# Change of variables and necessary conditions for optimality

12 Aug 2017In this post, we consider how removal and addition of degrees of freedom through change of variables can help in searching for a minimum of a function.

## Removing degrees of freedom

Consider a function $f(x,y) = xy$. The necessary condition for optimality says that its differential should be equal to zero,

However, we can introduce a new variable $z = xy$ and consider a function $g(z) = z$, which obviously has no critical point. What happened here is that we lost one degree of freedom. Initially, we could change $x$ and $y$ independently, but after introducing $z$, we can only change their product $xy$.

Sometimes, though, we donâ€™t need to use all degrees of freedom to find a critical point of a function. For example, if $f(x,y) = (xy)^2$ and $g(z) = z^2$, then

describes the same set of solutions as the system of equations $(xy^2, x^2y) = (0,0)$ obtained from the partial derivatives of $f$. So, we incur no loss of information by removing some degrees of freedom in this case.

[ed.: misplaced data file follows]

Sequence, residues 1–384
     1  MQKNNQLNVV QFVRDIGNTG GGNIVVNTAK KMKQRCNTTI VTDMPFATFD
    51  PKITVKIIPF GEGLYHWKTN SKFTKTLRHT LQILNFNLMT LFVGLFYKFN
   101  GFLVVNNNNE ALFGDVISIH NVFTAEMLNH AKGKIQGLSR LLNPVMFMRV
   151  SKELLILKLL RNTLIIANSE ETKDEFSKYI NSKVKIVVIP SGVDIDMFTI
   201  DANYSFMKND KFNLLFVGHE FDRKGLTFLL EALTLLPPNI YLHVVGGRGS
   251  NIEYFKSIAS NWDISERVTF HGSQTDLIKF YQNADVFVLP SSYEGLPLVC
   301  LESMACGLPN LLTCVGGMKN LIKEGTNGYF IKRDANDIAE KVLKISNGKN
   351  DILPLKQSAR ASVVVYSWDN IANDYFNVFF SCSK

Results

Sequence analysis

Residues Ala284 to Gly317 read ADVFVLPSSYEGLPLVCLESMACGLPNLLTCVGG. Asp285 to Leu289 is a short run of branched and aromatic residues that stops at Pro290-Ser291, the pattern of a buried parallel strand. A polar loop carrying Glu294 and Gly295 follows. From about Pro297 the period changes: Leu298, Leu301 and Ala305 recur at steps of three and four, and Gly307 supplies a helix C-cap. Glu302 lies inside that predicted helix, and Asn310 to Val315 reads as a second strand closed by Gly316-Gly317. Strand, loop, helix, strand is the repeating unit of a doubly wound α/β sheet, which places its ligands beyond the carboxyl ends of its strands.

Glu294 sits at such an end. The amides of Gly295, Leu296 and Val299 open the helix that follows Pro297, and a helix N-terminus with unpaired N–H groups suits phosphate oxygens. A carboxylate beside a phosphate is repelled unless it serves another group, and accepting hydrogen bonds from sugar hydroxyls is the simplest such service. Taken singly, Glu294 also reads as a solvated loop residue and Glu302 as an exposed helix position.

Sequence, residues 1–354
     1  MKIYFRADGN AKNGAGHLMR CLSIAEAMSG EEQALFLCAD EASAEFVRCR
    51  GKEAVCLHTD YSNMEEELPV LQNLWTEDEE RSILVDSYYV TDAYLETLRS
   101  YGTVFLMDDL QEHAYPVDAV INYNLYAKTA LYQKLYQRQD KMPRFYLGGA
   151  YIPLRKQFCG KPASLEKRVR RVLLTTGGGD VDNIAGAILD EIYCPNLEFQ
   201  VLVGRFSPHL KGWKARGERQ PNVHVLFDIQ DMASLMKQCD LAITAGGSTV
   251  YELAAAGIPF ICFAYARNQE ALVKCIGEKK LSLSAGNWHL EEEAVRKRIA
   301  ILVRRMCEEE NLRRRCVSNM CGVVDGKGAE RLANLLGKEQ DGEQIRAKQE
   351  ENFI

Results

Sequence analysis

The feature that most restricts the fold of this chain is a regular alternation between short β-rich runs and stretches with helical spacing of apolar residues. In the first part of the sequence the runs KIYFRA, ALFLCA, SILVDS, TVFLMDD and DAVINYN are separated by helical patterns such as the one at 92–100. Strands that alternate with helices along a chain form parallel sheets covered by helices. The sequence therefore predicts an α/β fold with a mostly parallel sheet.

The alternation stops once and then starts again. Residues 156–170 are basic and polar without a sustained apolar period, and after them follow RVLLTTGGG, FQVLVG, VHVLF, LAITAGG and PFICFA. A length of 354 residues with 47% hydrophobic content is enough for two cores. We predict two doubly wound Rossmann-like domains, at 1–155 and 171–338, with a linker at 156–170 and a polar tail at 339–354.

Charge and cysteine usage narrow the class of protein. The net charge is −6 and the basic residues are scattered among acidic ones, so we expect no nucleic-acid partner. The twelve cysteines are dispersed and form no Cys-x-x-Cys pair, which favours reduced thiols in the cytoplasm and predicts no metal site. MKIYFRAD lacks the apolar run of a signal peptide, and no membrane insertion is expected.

One should be careful, nevertheless, to ensure that the solution $z^*$ of the equation $g_z = 0$ lies in the range of the function $z$. For example, if $f(x) = (\frac{1}{x})^2$, then we could write $g(z) = z^2$ with $z = \frac{1}{x}$. Provided $dg = 2z$, we could haste to declare $z^* = 0$ a critical point of $f$ despite its lying outside the image of $z$.

To summarize,

- removing degrees of freedom can help in finding critical points;
- not all critical points are guaranteed to be found in this way;
- found points may be unreachable through original variables.

## Adding degrees of freedom

Adding degrees of freedom can only hurt. Consider the function

that has a minimum at $z = 1$. Assuming we are studying its restriction on $z \geq 0.5$, we can introduce the function $g$ of two variables

with $x^2 = z^2$ and $y^2 = 2z - 1$. Equating its differential to zero,

leads to contradiction, since it implies $z = 0$ and $z = 0.5$ at the same time. We ran into such troubles because two variables give more flexibility than we can actually afford with one. Expanding $dx$ and $dy$ in the differential, we see that

and even though equation $g_y = 2y = 0$ suggests setting $y = 0$, multiplying $g_y = 2y$ by $y_z = \frac{1}{y}$ results in a finite quantity.

Introducing extra variables just obscures the problem. Most importantly, critical points of $g$ do not tell us anything about critical points of $f$. Therefore, adding degrees of freedom in its pure form is not helpful for optimization.